Symantec Celebrates Safer Internet Day by Uniting for a Better Internet.
Sad. Freak. Crybaby. Loser.
These words all sound pretty harsh, right? They do not feel very good to read here, but imagine them directed at you personally. In the world of child and teen online activity, these types of words can become all too familiar to the millions of children cyberbullied each year around the world.
In the UK, fifty per cent of adolescents have been bullied, with six out of 10 of these victims of cyberbullying . More than 1 in 5 (22%) of 8-17 year olds report that someone has posted an image or video to bully them . According to the Cyberbullying Research Center, in the United States the percentages of individuals who have experienced cyberbullying at some point in their lifetimes has nearly doubled (19% to 34%) from 2007-2016.
Furthermore, the Norton Cyber Security Insights Report , a survey of nearly 21,000 consumers globally, shows that nearly half (48 percent) of parents believe their children are more likely to be bullied online than at school in the playground. While the majority of parents implement proactive measures to keep their children safe online, such as limiting access to certain websites and apps (43 percent) or allowing Internet access only under parental supervision (40 percent), more than 1 in 10 (11 percent) do nothing.
This year, as part of Safer Internet Day, Norton wants to help parents stop cyberbullying in its tracks through a campaign encouraging individuals and communities to #RaiseOurVoices against cyberbullying. In Norton’s free e-book “Cyberbullying – A Conversation Guide for Parents and Kids”, the company provides parents and kids guidance on how to identify the signs of cyberbullying, empower themselves to start a conversation with their children and establish “netiquette” when the time is right.
According to the guide, some notable signs of cyberbullying amongst children include:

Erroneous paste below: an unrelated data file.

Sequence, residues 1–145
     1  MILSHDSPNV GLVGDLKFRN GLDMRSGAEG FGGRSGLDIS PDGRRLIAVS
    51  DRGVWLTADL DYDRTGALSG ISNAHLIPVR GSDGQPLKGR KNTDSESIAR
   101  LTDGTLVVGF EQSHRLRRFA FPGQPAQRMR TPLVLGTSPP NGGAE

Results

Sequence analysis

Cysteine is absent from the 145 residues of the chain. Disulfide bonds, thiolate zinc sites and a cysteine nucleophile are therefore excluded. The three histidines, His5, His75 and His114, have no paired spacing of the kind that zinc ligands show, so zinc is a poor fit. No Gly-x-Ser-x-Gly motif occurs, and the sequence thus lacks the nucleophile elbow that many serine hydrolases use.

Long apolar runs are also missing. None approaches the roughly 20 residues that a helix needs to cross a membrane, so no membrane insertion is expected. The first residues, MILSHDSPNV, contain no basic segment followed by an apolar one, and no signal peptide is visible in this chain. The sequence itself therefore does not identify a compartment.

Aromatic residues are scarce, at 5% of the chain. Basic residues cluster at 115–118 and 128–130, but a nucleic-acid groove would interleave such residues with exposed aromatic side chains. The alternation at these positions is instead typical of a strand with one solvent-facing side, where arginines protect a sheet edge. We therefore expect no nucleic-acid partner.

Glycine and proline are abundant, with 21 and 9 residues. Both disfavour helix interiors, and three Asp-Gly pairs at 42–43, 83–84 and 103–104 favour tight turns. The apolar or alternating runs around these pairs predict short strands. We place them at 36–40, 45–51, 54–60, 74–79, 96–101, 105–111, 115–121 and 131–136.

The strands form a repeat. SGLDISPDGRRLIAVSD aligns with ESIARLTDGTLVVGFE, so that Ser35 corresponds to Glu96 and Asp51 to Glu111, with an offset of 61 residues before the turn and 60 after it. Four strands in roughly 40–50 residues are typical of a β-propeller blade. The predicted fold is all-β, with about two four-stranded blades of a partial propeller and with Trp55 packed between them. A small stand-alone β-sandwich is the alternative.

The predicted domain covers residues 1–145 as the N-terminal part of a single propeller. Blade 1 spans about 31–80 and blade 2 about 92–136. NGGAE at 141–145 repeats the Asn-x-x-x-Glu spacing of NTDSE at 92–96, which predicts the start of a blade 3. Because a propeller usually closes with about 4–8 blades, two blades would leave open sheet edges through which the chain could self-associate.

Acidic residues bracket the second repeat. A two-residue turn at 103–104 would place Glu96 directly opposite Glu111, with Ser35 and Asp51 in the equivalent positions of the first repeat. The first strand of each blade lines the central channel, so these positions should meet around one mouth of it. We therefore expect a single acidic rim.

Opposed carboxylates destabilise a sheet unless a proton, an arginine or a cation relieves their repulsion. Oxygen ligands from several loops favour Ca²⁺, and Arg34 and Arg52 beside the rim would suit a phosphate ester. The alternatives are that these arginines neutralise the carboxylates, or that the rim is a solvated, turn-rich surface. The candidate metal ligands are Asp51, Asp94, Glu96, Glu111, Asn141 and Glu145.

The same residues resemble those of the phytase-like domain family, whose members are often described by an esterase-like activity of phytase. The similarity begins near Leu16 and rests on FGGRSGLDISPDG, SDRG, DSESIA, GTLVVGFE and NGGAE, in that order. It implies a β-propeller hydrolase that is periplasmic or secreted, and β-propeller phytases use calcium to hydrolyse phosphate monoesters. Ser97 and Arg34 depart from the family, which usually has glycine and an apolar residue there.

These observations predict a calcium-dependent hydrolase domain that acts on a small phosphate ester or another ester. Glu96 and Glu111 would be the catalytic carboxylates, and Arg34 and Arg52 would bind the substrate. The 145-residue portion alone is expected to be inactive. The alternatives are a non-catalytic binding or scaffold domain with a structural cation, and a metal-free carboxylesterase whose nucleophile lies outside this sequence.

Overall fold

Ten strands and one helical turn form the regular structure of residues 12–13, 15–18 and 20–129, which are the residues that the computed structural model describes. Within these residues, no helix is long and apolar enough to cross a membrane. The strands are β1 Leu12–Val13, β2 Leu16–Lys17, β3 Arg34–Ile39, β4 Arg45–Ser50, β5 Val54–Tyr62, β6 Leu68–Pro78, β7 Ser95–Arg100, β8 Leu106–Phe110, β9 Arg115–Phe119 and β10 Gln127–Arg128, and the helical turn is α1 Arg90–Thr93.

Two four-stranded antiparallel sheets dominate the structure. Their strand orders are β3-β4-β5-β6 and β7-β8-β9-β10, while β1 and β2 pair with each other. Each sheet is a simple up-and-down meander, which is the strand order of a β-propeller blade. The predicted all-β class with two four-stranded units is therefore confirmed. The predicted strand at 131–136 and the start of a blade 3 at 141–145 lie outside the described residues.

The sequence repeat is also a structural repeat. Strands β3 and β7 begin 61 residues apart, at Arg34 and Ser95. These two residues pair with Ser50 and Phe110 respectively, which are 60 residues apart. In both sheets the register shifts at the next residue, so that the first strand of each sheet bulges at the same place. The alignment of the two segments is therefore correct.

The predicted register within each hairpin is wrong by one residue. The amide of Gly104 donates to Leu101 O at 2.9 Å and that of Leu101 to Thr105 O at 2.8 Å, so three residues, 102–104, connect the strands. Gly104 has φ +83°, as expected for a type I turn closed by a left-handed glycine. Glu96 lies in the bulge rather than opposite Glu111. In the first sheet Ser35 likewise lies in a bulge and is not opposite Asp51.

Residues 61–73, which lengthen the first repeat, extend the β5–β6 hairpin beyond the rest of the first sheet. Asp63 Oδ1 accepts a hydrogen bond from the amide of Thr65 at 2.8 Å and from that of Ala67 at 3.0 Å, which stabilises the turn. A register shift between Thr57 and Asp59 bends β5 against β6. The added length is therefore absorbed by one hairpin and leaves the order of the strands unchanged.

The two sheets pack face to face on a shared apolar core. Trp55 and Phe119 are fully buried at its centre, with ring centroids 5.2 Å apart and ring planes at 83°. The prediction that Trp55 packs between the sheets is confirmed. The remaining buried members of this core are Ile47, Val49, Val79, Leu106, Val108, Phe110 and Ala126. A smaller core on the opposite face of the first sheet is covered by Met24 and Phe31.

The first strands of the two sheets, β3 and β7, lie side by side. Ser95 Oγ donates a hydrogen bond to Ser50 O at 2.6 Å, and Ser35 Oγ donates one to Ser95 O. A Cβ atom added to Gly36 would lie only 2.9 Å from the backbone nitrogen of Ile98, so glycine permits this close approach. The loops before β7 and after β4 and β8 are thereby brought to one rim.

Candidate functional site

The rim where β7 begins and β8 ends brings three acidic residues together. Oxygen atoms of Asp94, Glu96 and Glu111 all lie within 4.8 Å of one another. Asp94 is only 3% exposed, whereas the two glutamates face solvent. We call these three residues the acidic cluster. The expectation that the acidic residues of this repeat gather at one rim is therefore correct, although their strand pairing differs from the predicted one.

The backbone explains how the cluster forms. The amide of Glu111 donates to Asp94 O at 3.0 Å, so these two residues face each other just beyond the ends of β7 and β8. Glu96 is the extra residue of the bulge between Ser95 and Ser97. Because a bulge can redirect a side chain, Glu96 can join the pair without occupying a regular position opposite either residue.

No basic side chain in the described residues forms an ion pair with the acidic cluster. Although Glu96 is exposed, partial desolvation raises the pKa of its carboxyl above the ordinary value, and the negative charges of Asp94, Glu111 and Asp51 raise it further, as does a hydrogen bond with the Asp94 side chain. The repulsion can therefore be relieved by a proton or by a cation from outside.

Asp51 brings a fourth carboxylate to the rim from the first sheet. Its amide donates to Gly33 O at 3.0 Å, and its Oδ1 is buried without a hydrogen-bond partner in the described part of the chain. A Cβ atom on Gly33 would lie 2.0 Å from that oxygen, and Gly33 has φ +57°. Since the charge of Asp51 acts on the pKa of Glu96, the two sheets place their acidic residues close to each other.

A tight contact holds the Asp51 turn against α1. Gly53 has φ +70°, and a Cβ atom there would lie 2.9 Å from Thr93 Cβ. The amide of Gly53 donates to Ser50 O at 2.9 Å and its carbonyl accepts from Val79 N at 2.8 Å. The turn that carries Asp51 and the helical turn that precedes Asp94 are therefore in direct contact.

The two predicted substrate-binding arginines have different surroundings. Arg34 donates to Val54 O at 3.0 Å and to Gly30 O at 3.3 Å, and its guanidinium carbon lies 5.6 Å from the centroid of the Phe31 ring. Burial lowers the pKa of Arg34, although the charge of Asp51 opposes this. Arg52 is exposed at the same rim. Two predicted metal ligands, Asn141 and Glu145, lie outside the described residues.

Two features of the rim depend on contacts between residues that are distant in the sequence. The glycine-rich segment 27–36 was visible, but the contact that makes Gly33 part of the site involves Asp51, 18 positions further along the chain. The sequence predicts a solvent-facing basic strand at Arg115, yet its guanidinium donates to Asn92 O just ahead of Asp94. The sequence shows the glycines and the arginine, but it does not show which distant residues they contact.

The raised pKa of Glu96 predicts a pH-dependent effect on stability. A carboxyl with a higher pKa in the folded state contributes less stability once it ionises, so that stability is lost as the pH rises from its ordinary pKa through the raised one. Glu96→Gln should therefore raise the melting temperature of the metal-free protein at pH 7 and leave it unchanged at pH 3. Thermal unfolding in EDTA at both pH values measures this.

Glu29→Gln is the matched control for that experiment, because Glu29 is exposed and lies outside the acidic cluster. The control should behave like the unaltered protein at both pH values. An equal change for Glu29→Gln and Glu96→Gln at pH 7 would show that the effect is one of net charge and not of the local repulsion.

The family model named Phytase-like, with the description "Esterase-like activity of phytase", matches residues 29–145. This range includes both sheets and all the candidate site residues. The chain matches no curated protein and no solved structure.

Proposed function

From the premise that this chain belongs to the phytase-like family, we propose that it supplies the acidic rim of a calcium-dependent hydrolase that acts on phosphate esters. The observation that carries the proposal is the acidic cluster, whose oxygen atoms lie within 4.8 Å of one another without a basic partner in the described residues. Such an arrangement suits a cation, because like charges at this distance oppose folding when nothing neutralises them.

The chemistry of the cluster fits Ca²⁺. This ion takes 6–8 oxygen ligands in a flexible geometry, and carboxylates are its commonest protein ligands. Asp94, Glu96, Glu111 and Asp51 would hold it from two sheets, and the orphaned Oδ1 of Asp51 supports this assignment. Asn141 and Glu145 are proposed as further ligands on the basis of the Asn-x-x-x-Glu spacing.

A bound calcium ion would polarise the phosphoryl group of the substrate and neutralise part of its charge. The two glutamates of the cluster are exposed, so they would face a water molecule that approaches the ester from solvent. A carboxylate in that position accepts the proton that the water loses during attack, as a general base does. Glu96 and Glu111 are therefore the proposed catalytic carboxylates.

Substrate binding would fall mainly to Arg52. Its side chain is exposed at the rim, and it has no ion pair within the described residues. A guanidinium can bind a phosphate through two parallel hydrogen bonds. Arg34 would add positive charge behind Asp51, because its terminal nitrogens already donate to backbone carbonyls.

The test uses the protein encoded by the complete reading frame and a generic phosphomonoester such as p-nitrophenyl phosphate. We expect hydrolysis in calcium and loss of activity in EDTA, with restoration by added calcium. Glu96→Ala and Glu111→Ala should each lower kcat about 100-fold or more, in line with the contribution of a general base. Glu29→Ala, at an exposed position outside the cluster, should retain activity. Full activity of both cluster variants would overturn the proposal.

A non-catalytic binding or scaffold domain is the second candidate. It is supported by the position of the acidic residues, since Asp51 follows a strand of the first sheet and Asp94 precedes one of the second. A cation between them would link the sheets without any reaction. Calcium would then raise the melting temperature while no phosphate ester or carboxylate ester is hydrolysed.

So how can parents keep their children safe online to avoid and discourage engagement in cyberbullying?
“Parents play a critical role in educating their children on the boundaries for acceptable and safe internet behaviours. An open dialogue about online experiences is the first step in protecting children online. The internet is a valuable resource for children’s development, and our children today don’t know a world without it. Preventing children from going online is not necessarily the answer, we encourage parents to establish house rules on internet usage based on their age and talk to their children about their online experiences.” - Nick Shaw, Vice President, Consumer Business Unit, Symantec.
Cyberbullying can be a challenging topic to talk about, but it doesn’t have to be. If we all – parents, children, friends, families, professionals – continue to #RaiseOurVoices we can work towards a common goal of protecting our children and stopping cyberbullying in its tracks.
In addition to Norton’s e-book guide on cyberbullying, the company created magnets for students to take home and help establish family guidelines to protect themselves online.
What are the most common threats kids face online? Find out more